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Re: JMRI case -- Implementation of the Federal Circuit's Opinion

From: David Kastrup
Subject: Re: JMRI case -- Implementation of the Federal Circuit's Opinion
Date: Thu, 08 Jan 2009 23:16:44 +0100
User-agent: Gnus/5.13 (Gnus v5.13) Emacs/23.0.60 (gnu/linux)

Rjack <> writes:

> Hyman Rosen wrote:
>>> "The answer, I suspect, is that the Free Software Foundation is not
>>> accepting compliance with the GPL as a solution. It wants more. It
>>> wants to push Cisco around and it wants money. Here's how it thinks
>>> it can do that." The Software Lawyer
>> If the only consequence of being caught out of compliance is
>> to comply, then no one will be careful to properly comply from
>> the start. 
> The only consequence of being caught out of compliance is to receive a
> scathing, withering and punitive Rule 41(A) Voluntary Dismissal by the
> FSF.  Scathing, withering and punitive because we have to listen to
> the unverifiable bullshit propaganda about what the FSF allegedly won.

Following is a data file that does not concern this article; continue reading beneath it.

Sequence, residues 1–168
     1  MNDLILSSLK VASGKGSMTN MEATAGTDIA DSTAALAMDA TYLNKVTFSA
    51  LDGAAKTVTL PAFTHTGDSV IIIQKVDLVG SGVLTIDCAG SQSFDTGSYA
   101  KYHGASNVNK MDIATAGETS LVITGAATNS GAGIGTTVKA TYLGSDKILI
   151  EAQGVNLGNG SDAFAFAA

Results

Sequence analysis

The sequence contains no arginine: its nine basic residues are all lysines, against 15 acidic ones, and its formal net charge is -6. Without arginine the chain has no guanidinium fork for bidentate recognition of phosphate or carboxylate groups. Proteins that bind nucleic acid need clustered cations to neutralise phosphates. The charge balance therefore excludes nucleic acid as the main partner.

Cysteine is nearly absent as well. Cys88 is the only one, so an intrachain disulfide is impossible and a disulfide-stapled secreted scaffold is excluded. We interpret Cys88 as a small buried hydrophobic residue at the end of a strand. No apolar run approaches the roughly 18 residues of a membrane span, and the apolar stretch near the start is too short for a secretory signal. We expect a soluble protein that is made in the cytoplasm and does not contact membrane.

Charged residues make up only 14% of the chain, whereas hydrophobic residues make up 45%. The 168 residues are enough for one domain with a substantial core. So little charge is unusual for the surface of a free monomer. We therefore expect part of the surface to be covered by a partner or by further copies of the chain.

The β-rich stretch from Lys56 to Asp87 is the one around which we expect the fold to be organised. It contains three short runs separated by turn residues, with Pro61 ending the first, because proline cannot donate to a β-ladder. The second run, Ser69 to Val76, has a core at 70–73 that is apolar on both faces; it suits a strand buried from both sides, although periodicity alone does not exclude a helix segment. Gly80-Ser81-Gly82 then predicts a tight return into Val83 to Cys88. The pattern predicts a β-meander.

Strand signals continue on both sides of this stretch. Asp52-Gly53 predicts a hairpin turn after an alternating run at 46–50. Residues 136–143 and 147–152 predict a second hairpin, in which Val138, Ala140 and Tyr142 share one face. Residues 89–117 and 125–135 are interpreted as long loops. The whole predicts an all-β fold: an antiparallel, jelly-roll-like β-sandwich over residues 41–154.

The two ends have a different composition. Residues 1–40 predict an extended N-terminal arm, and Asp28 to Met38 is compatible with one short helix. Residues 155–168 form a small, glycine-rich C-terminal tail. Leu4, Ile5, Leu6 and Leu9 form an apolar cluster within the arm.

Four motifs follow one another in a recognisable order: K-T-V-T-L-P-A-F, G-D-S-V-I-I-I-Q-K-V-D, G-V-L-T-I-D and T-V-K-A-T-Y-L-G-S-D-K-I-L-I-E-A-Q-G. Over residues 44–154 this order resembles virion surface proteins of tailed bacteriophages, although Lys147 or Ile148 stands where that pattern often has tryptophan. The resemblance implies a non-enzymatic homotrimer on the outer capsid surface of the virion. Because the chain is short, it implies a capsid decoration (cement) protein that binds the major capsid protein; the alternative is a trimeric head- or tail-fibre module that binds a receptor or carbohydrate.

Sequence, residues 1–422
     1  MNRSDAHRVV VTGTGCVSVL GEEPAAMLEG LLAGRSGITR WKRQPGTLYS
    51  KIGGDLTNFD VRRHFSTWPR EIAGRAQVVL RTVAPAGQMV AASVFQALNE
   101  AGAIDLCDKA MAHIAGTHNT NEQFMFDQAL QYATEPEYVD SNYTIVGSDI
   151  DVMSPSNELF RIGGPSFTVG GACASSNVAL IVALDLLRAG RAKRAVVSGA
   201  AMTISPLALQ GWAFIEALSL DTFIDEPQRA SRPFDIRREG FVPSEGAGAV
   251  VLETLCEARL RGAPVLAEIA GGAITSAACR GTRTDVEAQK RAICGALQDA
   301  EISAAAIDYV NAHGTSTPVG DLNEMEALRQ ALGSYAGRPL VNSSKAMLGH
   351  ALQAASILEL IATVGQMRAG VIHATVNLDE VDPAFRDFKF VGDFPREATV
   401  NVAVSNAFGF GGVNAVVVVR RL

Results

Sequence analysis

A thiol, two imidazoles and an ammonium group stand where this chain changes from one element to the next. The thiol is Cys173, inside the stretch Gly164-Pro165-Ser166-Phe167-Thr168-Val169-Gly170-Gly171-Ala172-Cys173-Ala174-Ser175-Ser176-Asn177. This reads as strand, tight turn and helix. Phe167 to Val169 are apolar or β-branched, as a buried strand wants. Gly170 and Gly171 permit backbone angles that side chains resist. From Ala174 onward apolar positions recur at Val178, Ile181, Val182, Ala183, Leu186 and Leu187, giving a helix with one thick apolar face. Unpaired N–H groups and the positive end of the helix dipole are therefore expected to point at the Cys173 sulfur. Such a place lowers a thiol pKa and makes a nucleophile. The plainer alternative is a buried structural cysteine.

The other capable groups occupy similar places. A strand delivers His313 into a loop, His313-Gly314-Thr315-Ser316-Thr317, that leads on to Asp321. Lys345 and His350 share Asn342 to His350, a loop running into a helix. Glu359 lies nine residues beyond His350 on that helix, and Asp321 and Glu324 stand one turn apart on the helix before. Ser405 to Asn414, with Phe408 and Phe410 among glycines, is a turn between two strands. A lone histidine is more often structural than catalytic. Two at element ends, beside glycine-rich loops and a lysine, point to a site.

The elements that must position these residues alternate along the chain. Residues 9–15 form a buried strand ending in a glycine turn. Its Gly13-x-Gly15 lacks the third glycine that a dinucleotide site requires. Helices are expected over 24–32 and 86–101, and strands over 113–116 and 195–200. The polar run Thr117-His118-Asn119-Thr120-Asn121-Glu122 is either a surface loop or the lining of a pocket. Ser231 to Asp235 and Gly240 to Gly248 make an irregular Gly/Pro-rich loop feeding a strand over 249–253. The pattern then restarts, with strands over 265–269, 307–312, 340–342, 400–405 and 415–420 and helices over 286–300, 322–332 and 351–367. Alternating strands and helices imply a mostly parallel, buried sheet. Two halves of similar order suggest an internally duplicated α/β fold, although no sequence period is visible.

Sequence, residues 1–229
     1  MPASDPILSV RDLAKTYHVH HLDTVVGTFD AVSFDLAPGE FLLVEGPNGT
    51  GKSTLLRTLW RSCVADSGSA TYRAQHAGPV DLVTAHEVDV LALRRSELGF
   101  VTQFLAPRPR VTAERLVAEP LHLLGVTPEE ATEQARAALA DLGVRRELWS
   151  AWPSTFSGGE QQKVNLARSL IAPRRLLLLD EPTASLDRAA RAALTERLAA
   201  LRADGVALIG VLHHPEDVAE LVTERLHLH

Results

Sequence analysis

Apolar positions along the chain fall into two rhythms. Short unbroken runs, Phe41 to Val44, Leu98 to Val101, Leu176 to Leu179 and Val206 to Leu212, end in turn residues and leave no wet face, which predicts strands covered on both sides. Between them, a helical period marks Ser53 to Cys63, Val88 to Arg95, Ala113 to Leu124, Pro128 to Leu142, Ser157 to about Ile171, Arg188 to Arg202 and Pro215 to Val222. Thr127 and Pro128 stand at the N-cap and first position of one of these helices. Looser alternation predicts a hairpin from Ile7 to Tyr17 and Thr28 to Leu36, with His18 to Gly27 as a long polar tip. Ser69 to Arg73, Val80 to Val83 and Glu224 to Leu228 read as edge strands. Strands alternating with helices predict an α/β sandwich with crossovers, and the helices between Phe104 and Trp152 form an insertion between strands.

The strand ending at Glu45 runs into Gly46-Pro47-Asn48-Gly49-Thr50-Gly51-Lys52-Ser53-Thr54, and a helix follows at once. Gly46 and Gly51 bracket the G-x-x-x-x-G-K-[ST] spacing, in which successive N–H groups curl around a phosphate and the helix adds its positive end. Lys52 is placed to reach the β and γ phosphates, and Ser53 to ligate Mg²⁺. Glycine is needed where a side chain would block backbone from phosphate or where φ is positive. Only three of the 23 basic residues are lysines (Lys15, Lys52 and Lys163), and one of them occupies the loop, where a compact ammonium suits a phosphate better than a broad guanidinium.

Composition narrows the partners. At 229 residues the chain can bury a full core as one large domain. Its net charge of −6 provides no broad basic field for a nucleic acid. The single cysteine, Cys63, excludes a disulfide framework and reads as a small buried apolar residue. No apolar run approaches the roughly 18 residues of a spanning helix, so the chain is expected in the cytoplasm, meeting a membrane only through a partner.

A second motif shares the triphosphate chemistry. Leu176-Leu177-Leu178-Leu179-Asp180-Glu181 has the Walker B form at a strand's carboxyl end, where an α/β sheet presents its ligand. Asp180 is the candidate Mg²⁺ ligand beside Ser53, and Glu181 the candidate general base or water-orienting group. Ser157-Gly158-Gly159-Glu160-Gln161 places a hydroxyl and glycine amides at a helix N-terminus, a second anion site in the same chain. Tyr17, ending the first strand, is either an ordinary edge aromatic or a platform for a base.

> The FSF will NEVER, NEVER, NEVER allow a lawsuit to proceed to the
> point where a federal judge will ever actually evaluate the GPL's
> sec. 2(b) on the merits:

To have the GPL evaluated on "its merits", the defendant has to state
that he considers being in compliance with the GPL.  Up to now, none of
the defendants put forward that theory.  So there is no point for the
judge to go to the GPL in detail when the defendant does not claim use
of the license: its acceptance is quite voluntary.  If the defendant did
not accept it, the case is not about the GPL or its merits.

> This particular contractual covenant is total legal gibberish.

Compared with the usual legal texts covering copyrightable material, it
is very clear.  And I have yet to see the "I've read the text, but it
was gibberish to me so I assumed I could do what I want" defense with
respect to the GPL.

> In the Second Circuit, the district courts know full well the
> difference between a contractual covenant, a contractual condition
> precedent and a delimiting scope of use restriction in a copyright
> license.

Which is the reason why there is not much of a concern if the lower
courts would mess up a ruling.  Since they quite consistently rule in
the manner that gets our good Alexander up in ruffles and calls of
inebriation, we have not seen significant GPL coverage there, however.

David Kastrup, Kriemhildstr. 15, 44793 Bochum

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